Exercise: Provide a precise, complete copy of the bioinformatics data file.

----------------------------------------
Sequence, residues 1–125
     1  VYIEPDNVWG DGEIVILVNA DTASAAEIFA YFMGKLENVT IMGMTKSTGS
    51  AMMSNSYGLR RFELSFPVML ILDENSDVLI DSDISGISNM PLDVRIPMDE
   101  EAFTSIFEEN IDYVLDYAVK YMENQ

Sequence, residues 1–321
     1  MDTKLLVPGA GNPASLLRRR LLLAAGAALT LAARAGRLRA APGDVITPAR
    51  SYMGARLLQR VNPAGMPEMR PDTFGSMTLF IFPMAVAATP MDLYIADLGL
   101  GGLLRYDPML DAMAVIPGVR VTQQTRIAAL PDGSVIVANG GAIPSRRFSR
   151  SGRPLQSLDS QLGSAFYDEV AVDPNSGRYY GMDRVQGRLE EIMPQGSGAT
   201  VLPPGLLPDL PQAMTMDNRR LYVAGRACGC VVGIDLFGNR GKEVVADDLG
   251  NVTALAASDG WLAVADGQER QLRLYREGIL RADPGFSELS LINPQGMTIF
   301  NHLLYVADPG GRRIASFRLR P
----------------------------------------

Sequence, residues 1–125
     1  VYIEPDNVWG DGEIVILVNA DTASAAEIFA YFMGKLENVT IMGMTKSTGS
    51  AMMSNSYGLR RFELSFPVML ILDENSDVLI DSDISGISNM PLDVRIPMDE
   101  EAFTSIFEEN IDYVLDYAVK YMENQ

Sequence, residues 1–321
     1  MDTKLLVPGA GNPASLLRRR LLLAAGAALT LAARAGRLRA APGDVITPAR
    51  SYMGARLLQR VNPAGMPEMR PDTFGSMTLF IFPMAVAATP MDLYIADLGL
   101  GGLLRYDPML DAMAVIPGVR VTQQTRIAAL PDGSVIVANG GAIPSRRFSR
   151  SGRPLQSLDS QLGSAFYDEV AVDPNSGRYY GMDRVQGRLE EIMPQGSGAT
   201  VLPPGLLPDL PQAMTMDNRR LYVAGRACGC VVGIDLFGNR GKEVVADDLG
   251  NVTALAASDG WLAVADGQER QLRLYREGIL RADPGFSELS LINPQGMTIF
   301  NHLLYVADPG GRRIASFRLR P